In-situ studies of bulk deformation structures: Static properties under load and dynamics during deformation

Bo Jakobsen

    Research output: Book/ReportPh.D. thesisResearch

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    The main goal of the study presented in this thesis was to perform in-situ investigations on deformation structures in plastically deformed polycrystalline copper at low degrees of tensile deformation (<5%). Copper is taken as a model system for cell forming pure fcc metals. Anovel synchrotron-radiation based technique High Angular Resolution 3DXRD has been developed at the 1-ID beam-line at the Advanced Photon Source. The technique extents the 3DXRD approach, to 3D reciprocal space mapping with a resolution of ≈ 1 · 10−3Å−1 and allows for in-situmapping of reflections from deeply-embedded individual grains in polycrystalline samples during tensile deformation. We have shown that the resulting 3D reciprocal space maps from tensile deformed copper comprise a pronounced structure, consisting of bright sharp peaks superimposed on a cloud of enhanced intensity. Based on the integrated intensity, the width of the peaks, and spatial scanning experiments it is concluded that the individual peaks arise from individual dislocation-free regions (the subgrains) in the dislocation structure. The cloud is attributed to the dislocation rich walls. Samples deformed to 2% tensile strain were investigated under load, focusing on grains that have the tensile direction close to the h100i direction. It was found that the individual subgrains, on average, are subjected to a reduction of the elastic strain with respect to the mean elastic strain of the grain. The walls are equivalently subjected to an increased elastic strain. The distribution of the elastic strains between the individual subgrains is found to be wider than the distribution of strains within the individual subgrains. The average properties are consistent with a composite type ofmodel. The details, however, show that present understanding of asymmetrical line broadening have to be reconsidered. Based on continuous deformation experiments, it is found that the dislocation patterning takes place during the deformation, and that a subgrain structure appears from the moment where plastic deformation is detected. By investigating samples under stress relaxation conditions, and unloading, it is found that the overall dislocation structure only depends on the maximum obtained flow stress. However, some changes in orientation and internal strain distribution between the subgrains were observed after the unloading. An in-situ stepwise straining experiment of a pre-deformed sample was performed, allowing for investigation of individual subgrains during straining. The result indicates that the cell refinement process generally does not take place through simple subgrain breakups. Surprisingly, the dislocation structure shows intermittent behavior, with subgrains appearing and disappearing with increasing strain, suggesting a dynamical development of the structure.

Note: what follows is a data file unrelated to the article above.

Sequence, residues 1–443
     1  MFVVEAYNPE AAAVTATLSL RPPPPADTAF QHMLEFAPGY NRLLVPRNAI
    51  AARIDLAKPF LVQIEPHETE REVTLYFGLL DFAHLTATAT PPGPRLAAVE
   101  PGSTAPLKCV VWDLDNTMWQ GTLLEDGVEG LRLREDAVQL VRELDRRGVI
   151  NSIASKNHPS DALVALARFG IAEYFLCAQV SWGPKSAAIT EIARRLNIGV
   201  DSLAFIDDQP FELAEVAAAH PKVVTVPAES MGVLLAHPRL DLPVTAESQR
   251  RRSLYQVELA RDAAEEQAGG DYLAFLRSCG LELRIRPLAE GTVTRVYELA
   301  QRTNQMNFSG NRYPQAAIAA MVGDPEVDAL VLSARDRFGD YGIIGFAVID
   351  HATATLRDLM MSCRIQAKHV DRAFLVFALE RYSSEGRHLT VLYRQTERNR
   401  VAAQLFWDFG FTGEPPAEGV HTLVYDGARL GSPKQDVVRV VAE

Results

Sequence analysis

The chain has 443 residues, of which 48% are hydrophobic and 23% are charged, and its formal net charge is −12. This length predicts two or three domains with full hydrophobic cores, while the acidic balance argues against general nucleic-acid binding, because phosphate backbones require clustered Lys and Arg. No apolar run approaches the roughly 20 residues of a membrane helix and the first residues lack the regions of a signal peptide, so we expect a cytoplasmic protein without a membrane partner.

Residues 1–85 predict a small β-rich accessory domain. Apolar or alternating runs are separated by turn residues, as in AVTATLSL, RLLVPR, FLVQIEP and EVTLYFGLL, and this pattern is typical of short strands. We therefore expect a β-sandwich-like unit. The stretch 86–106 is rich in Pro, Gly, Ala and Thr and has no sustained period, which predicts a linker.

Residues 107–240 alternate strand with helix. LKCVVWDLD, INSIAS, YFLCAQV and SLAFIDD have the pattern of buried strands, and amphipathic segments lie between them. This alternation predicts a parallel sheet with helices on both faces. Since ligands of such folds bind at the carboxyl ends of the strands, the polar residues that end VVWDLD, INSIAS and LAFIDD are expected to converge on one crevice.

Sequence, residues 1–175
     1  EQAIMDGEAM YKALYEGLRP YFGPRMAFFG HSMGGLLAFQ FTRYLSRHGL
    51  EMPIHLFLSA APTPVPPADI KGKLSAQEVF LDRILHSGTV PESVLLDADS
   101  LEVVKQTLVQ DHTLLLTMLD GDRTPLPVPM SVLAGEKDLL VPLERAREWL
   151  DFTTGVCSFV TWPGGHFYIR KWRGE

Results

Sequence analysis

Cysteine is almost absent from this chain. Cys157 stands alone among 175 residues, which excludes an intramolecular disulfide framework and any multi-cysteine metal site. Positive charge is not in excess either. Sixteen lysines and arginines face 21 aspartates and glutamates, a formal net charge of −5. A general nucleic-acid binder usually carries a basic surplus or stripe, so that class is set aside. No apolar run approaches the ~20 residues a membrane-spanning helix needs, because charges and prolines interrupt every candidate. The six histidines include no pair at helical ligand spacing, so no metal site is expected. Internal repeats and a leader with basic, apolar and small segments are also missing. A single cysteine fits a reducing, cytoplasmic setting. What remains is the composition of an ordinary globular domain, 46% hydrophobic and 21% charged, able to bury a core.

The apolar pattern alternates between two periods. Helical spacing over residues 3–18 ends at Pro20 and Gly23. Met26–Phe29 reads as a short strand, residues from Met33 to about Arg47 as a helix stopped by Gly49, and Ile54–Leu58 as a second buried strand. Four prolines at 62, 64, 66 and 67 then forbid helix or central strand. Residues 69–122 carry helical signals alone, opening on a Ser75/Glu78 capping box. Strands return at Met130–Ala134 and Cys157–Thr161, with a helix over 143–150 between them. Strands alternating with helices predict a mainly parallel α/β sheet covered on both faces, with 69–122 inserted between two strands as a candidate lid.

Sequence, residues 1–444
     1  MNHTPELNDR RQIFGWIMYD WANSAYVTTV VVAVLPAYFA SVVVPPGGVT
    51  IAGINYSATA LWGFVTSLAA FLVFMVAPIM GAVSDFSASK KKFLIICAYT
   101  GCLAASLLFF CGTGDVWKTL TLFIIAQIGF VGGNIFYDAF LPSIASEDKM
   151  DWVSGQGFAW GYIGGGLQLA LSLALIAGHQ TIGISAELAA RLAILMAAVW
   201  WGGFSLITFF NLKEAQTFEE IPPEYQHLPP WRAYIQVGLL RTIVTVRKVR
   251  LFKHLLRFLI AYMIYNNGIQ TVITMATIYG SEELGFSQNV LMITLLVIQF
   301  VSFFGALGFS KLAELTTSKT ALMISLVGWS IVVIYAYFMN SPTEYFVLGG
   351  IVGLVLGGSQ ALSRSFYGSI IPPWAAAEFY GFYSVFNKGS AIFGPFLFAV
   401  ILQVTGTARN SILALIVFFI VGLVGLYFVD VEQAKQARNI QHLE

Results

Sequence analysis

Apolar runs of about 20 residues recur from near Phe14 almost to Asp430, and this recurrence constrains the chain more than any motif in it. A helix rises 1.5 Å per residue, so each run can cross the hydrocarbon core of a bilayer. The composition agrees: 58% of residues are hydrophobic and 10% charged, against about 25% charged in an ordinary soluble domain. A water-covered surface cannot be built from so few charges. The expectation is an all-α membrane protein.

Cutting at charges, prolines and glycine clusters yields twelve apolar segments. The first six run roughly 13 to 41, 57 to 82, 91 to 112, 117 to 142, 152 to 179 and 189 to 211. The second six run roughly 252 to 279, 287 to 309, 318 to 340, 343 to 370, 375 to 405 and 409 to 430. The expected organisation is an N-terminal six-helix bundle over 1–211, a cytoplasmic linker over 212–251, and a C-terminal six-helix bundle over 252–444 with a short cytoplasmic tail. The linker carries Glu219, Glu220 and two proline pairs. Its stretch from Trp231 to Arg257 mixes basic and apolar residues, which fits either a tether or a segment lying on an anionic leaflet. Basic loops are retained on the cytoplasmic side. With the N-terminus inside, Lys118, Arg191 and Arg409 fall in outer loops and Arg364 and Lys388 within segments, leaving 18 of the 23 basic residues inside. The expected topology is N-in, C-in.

Original languageEnglish
    Number of pages120
    Publication statusPublished - 2006

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